Turns out, wings take up a lot of space that could otherwise be used for strength.
In an ant colony, only the queen has wings.
But don’t feel bad for the flightless worker ants — when they lost their wings, they gained strength.
Researchers in Japan used X-rays and 3D scans to study the evolutionary loss of wings in worker ants and its direct connection to evolving superior strength.
Okinawa Institute of Science and Technology
The queen’s wings are powered by muscles that take up about half the space in her tiny thorax, the central segment of her insect body.
This means that to acquire the advantageous wings, queen ants (and other flying insects) lose supportive muscles for their heads, legs, and abdomens.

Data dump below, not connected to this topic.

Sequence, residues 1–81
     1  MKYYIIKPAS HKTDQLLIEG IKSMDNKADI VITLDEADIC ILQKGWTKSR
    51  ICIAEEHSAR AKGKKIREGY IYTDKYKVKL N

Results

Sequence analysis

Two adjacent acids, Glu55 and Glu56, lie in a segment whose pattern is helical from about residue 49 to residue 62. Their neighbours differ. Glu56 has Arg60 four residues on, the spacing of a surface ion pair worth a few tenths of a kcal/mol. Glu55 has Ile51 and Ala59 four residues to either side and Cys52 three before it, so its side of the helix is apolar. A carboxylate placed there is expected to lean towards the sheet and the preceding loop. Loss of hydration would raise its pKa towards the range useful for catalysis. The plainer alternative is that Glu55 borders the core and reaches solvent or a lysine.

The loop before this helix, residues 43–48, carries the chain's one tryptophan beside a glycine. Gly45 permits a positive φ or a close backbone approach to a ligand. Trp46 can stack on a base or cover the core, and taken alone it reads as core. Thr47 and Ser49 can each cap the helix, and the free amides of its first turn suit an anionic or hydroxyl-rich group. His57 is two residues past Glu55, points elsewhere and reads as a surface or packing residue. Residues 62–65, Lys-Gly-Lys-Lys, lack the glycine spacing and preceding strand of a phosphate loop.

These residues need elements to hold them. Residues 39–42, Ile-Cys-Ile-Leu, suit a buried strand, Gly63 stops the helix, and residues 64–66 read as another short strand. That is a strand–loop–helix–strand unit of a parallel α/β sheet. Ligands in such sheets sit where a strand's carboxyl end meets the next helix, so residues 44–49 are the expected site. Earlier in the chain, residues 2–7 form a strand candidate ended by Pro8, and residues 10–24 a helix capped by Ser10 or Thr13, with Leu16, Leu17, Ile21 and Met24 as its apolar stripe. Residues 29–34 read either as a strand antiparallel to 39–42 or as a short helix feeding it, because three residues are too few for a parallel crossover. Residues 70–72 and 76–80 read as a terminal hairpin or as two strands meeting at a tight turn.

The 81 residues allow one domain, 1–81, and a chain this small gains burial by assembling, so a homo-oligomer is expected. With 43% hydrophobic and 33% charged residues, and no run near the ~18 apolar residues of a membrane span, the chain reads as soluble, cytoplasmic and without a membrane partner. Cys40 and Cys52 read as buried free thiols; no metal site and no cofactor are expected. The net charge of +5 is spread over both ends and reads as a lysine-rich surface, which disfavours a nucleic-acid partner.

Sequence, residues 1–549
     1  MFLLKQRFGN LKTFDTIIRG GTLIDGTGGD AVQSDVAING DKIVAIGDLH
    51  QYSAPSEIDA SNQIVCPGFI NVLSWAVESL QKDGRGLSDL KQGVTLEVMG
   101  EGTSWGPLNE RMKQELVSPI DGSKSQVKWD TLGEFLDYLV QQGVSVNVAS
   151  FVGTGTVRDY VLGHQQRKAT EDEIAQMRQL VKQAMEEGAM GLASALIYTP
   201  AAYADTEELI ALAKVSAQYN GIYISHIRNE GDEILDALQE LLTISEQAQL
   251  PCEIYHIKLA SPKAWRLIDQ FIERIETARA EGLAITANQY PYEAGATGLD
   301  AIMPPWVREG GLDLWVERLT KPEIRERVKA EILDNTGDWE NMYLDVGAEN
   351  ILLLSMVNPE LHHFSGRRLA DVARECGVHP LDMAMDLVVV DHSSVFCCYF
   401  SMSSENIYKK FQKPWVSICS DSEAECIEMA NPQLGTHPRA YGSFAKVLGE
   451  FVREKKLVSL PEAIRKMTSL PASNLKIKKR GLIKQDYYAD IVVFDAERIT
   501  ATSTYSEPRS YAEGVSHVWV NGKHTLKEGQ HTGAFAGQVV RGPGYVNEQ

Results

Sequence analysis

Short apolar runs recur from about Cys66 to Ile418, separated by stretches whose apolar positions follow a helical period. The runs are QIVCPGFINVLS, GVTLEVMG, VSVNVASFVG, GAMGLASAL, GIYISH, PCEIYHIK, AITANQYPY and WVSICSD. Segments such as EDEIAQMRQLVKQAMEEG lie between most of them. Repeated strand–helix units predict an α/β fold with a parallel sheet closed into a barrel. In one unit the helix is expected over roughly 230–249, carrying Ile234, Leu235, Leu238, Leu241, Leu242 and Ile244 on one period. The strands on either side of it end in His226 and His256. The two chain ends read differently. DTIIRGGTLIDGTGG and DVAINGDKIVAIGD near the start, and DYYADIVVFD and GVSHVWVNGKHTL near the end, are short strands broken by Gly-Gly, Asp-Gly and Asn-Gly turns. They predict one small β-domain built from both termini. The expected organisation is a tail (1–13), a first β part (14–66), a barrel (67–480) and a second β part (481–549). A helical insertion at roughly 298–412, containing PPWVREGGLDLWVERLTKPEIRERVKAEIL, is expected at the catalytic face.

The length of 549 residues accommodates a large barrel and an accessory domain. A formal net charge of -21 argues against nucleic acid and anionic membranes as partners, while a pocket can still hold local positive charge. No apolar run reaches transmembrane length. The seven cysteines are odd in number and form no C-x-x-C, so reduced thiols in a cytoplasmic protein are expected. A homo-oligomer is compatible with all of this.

Once flight disappeared, room opened up in the thorax for these muscles to develop.
Worker ants need to have strong neck muscles to support their heads as they carry food back to the nest or carry eggs when moving nests.
They need strong abdomen muscles to defend the colony and sting predators.
The new research will help researchers better understand the inner workings of one of the world’s most common insects.
Read more animal stories here.